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Oregon Group Applauds Failure of Anti-Gay MeasureSalem-News.com
Oregon stays two steps ahead of the dark ages for the time being.
(PORTLAND, Ore.) - Anti-gay activists have fallen short in their attempt to force a referendum on Oregon's recently passed domestic partnership law. 60,531 raw signatures were submitted, but after checking the signatures for duplications and other errors, the Secretary of State determined that the petition did not meet the 55,179 valid signature threshold required to qualify a referendum to the ballot.
"This is a proud day for Oregon," Basic Rights Oregon executive director John Hummel said in response to the news. "In refusing to sign these petitions, Oregonians showed that they aren't interested in rolling back our anti-discrimination laws."
Oregon's domestic partnership law was signed by Governor Kulongoski in May after it passed the legislature with wide support. The law creates legal recognition for same-sex couples through domestic partnerships, giving committed couples certain legal rights and responsibilities, like hospital visitation rights, and the ability to make medical decisions for one another in a crisis.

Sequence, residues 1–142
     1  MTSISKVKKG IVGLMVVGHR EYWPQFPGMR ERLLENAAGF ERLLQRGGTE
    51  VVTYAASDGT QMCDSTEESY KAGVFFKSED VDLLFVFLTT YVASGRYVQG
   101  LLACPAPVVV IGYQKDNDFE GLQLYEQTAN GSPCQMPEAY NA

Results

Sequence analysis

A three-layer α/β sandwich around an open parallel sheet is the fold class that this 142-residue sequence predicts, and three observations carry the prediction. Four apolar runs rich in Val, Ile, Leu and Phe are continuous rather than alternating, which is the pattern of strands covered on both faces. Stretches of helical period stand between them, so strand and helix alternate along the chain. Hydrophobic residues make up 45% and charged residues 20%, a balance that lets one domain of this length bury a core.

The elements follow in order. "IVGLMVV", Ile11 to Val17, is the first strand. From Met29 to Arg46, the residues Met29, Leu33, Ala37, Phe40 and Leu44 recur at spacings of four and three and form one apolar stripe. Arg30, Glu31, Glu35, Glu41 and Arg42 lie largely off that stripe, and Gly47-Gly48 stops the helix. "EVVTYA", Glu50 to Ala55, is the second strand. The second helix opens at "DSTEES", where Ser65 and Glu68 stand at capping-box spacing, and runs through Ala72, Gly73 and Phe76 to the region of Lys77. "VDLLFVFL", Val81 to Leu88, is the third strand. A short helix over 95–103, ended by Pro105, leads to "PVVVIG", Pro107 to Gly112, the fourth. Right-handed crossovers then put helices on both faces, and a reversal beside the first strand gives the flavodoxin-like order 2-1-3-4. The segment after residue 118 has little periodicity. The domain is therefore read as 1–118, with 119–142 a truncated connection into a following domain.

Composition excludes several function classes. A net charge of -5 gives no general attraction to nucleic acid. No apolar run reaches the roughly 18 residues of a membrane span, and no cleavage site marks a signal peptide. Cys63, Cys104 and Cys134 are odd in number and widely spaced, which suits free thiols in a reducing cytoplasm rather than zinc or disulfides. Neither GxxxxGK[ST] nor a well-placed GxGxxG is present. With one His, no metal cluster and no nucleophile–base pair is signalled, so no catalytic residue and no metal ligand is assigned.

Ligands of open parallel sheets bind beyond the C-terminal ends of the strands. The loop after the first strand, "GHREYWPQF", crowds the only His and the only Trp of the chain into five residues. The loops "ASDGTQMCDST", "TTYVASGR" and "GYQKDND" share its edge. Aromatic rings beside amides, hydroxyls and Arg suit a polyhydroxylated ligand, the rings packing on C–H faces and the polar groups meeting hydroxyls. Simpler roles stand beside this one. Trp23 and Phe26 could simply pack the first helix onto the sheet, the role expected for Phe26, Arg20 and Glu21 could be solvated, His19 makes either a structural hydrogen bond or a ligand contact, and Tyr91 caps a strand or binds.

Hummel said the failure of anti-gay groups to meet a very low signature threshold is clear evidence that the groups are out of step with Oregon values.
"Oregonians know that discrimination is wrong," he said. "They believe it's wrong for a good employee to be fired just because they are gay - and it's past time for Oregon's law books to say so. And they know that committed couples should have the legal means to take care of each other, especially in a crisis."
A second petition that would force a vote on a law prohibiting discrimination based on sexual orientation in employment, housing and public accommodations was submitted with 59,761 raw signatures. Signatures on that petition are still being reviewed in county elections offices.
Both laws go into effect on January 1st 2008, but anti-gay groups have said they plan to launch a new campaign to repeal the laws.
"It's unfortunate that this small group doesn't get the message: most Oregonians know that discrimination is wrong," Hummel said. "We look forward to the day when Oregon can close the book on this divisive chapter of our history."
Source: Oregon Basic Rights
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